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Sometimes the American auto industry produces personalities that are larger than life and Lee Iacocca was one of them. The juggernaut automotive exec passed away on July 2 at the age of 94 due to complications from Parkinson’s disease. Revered by some and reviled by others - notably Henry Ford II who unceremoniously fired him after a long and successful career while at Ford - Iacocca was a force to be reckoned with. He’ll be remembered as the father of the Mustang and the minivan, but most importantly as the original rescuer of Chrysler.
Born in Allentown, Pennsylvania to Italian immigrant parents, Iacocca attended Lehigh University and later on Princeton University as he set his sights on working for Ford Motor Co. After completing a Master’s Degree in mechanical engineering in 1946, Iacocca finally joined Ford as an engineering trainee. Quickly bored by the tediousness of engineering, Iacocca turned to what would prove to be his forté - marketing. Iacocca then devised what would come to be known as the “56 for ‘56” campaign to move slow-selling 1956 models - customers would make a 20% down payment and then make $56 monthly payments for three years. Car financing was just becoming the norm and by the time 1960 rolled around Iacocca was already head of car and truck sales for Ford Division.
What came next would help cement Iacocca in the history books forever, the creation of the famed 1964 Ford Mustang. As Ford executives and engineers looked to build a car with youthful appeal, strong performance, head-turning style and an affordable price, Iacocca suggested they use the engine, transmission and axle from Ford’s existing Falcon vehicle. When it premiered, the Mustang appeared simultaneously on the covers of Newsweek and Time with Iacocca included. By December of 1970 Iacocca was president of Ford, 24 years after he started there. His tenure as president only lasted eight years and by 1978 Iacocca and Ford II had butted heads one too many times. It wouldn’t be long before Iacocca got his second chance at cementing his name in the history books.
Merely a few weeks after parting ways with Ford, the nation’s then Number three automaker Chrysler - came calling. Iacocca was named Chrysler’s president and CEO and in less than a year he would become chairman as well. Chrysler was near-bankruptcy when Iacocca took over, or as he put it in his autobiography “Chrysler was hemorrhaging.” Savvy as ever, Iacocca then realized that Chrysler would need government help if it was going to survive. In what would become the ultimate power move Iacocca won a $1.5-billion loan from Congress and in the process saved 600,000 jobs and allowed Chrysler time to restructure. By the time 1983 rolled around Chrysler was on its way to rising like a phoenix from the ashes with its line of K-cars and the introduction of the first minivan. Coincidentally the minivan celebrates its 35th anniversary this year (2019).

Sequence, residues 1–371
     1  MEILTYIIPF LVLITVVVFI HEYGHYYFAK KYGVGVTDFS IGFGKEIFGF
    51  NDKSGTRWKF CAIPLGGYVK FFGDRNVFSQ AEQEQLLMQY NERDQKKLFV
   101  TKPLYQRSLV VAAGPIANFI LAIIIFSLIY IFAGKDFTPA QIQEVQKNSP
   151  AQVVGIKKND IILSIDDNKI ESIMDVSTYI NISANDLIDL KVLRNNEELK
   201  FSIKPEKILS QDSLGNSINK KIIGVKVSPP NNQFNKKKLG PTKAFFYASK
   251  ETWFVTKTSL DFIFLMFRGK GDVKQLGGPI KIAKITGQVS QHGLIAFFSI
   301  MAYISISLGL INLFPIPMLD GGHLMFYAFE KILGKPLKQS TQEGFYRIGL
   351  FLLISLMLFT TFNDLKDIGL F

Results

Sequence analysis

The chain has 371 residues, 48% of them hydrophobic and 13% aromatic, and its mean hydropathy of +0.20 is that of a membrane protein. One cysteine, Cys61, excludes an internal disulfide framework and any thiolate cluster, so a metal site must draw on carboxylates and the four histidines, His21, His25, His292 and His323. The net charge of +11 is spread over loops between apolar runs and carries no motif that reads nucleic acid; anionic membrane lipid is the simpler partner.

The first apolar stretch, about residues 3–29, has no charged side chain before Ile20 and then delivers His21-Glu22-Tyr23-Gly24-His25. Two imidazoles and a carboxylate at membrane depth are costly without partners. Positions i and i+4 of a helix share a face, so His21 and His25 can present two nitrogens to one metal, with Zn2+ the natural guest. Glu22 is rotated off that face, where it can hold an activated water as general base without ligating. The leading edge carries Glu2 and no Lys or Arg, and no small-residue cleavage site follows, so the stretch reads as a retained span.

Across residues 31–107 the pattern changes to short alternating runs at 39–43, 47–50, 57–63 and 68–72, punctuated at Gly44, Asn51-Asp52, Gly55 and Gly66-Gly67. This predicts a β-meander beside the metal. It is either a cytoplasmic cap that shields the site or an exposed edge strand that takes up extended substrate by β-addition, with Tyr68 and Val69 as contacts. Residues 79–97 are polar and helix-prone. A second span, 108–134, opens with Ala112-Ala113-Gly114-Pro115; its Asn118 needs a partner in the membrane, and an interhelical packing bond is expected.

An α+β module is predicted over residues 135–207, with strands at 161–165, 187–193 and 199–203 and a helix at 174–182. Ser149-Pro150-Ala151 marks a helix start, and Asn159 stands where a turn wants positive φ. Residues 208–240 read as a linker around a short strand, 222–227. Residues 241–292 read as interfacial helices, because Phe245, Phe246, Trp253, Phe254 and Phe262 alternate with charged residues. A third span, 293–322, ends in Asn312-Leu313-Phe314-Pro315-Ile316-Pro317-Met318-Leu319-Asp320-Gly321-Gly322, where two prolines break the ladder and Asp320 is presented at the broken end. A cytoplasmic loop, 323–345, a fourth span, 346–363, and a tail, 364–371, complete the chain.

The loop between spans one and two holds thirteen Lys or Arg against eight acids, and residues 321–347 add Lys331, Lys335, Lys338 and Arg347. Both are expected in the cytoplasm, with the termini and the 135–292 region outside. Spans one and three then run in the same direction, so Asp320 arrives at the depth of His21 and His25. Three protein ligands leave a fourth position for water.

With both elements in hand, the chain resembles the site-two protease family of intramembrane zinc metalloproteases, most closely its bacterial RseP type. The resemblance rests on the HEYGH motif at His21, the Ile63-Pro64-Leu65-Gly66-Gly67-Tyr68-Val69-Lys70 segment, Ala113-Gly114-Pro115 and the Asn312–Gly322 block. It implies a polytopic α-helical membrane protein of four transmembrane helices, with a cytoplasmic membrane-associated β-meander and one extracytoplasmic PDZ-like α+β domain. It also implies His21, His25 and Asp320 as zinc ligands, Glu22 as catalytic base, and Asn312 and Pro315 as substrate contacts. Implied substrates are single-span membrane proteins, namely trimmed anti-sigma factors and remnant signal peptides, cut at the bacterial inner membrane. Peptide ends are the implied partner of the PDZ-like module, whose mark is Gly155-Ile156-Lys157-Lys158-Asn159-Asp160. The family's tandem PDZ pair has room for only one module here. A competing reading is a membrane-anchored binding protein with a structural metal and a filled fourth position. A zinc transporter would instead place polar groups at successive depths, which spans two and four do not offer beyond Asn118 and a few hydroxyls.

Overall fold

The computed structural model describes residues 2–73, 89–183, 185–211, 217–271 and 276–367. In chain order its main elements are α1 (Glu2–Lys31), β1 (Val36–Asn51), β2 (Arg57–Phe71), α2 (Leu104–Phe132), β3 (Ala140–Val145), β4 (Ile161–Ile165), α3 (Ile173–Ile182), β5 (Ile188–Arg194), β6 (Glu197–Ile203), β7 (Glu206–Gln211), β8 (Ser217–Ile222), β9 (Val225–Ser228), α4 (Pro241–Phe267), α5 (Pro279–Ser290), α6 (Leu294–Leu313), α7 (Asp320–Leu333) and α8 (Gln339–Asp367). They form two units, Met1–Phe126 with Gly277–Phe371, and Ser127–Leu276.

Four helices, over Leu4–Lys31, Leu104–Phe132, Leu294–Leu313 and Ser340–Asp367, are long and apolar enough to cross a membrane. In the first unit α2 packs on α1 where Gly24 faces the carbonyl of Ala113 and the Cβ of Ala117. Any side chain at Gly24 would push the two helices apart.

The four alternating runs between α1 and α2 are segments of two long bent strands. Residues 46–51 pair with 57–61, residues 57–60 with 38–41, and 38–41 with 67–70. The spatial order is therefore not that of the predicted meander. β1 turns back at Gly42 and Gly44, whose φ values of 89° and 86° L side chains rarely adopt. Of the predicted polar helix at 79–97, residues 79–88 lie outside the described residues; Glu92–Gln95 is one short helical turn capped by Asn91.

In what was an impressive move Chrysler repaid the government seven years ahead of schedule. Iacocca, never one to miss a marketing opportunity, cheekily posed with an oversized check payable to the U.S. Treasury exactly five years to the day after Ford fired him. With a vision that only an innovator could possess, Iacocca rightfully predicted that the minivan would become a vehicle that would “create extraordinary excitement and buyer interest and force other manufacturers to come up with copycat versions.” Turns out he was right - the minivan created not only a whole new market segment but also consumer sensation.
Fiat Chrysler Automobiles (FCA) representatives remembered him fondly with the following press release: “The Company is saddened by the news of Lee Iacocca's passing. He played a historic role in steering Chrysler through the crisis and making it a truly competitive force. He was one of the great leaders of our company and the auto industry as a whole. He also played a profound and tireless role on the national stage as a business statesman and philanthropist. Lee gave us a mindset that still drives us today - one that is characterized by hard work, dedication and grit. We are committed to ensuring that Chrysler, now FCA, is such a company, an example of commitment and respect, known for excellence as well as for its contribution to society. His legacy is the resiliency and unshakeable faith in the future that lives on in the men and women of FCA who strive every day to live up to the high standards he set.”
Photo Source/Copyright: Chrysler